The High Court of Australia
Constitutional Law Cases
Constitutional law refers to the the body of rules and doctrines that govern the operation of political landscapes, mainly nation states. This law outlines how a nation state operates and the powers it can exercise and not.
At two seperate times the H.C ruled against the CMW's usage of various sections of the constitution.
At first it ruled against the nature that the CMW said that it had the right to rule under executive power (s61).
Spence vs Queensland (2019):
In 2018, QLD made ammendments to their electoral laws stating that property developers couldn't donate to registered political parties. Later, the CMW made an ammendment to it's electoral law adding a new clause - 302CA that allowed for donations to political parties which could be used at a state level - bypassing state.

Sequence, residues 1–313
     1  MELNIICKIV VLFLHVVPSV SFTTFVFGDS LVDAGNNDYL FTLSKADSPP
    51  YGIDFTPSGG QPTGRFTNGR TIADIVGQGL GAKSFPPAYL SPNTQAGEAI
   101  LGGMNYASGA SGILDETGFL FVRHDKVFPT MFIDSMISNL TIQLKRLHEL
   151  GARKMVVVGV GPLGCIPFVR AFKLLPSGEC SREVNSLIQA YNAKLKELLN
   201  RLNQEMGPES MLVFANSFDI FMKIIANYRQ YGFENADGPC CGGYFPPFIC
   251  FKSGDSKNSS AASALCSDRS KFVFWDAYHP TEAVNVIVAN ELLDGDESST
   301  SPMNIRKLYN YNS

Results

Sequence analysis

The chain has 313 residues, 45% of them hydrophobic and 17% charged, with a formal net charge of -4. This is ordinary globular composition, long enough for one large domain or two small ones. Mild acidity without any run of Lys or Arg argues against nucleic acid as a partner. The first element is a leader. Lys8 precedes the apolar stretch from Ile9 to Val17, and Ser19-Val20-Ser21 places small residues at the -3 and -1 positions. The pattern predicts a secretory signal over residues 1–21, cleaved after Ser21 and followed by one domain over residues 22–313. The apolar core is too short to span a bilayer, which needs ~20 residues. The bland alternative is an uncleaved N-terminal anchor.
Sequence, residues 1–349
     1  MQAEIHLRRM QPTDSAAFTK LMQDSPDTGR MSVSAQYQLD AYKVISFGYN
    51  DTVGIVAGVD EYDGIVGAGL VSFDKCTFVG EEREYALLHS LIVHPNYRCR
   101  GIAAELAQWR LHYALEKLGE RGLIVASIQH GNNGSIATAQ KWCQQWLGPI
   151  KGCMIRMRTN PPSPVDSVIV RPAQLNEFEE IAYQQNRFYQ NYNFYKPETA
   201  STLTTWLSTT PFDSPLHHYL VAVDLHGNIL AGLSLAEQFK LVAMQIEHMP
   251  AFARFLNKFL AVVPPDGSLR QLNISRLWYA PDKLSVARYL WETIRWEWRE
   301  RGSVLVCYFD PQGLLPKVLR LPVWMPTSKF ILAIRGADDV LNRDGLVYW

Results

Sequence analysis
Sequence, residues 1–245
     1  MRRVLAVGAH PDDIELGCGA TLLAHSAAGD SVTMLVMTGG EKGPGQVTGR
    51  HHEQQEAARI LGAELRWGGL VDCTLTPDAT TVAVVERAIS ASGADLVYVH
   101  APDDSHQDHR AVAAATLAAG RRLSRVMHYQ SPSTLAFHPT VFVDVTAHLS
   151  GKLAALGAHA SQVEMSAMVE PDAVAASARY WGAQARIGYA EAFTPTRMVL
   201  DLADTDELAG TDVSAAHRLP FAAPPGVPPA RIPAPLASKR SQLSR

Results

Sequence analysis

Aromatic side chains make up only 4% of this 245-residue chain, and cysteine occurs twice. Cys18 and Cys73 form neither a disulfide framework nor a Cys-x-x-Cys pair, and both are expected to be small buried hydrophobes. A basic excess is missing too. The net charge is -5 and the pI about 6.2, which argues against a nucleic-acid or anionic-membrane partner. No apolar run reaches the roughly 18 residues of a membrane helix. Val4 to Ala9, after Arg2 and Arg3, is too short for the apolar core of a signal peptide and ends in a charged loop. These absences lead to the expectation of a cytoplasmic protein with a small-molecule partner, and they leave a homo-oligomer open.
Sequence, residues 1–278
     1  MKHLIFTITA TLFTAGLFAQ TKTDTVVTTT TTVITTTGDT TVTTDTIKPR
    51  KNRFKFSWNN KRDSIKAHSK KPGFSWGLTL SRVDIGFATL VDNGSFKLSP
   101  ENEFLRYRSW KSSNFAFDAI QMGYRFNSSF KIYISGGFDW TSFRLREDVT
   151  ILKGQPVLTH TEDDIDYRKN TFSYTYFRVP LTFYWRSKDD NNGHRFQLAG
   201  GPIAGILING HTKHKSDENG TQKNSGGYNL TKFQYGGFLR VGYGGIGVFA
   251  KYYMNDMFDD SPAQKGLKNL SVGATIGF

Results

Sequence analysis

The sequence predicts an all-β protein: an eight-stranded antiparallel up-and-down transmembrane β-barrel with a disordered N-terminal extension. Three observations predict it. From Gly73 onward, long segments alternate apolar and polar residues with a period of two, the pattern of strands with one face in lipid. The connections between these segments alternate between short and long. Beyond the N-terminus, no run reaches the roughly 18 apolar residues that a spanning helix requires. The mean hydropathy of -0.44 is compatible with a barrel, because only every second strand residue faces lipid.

Spence, argued that QLD law was invalid because it clashed with CMW law and hence s109 came into play.
QLD argued that their law was valid since it is within their state powers to control state elections. QLD argued the 302CA clause was invalid because it affected state powers in controlling donations which may impact a state level.
The H.C. dismissed Spence and upheld QLD's arguement, meaning that clause 302CA was invalid.
3) Citizenship Case (2017):
The case was initiated by a member of parliament who discovered they retained citizenship of another country whilst having australian citizenship.
The H.C, by taking a literal and narrow approach ruled that any members in parliament which attained a citizenship of another country (within immediate reach, i.e., they still have rights of that country), cannot serve in parliament and are disqualified under s44.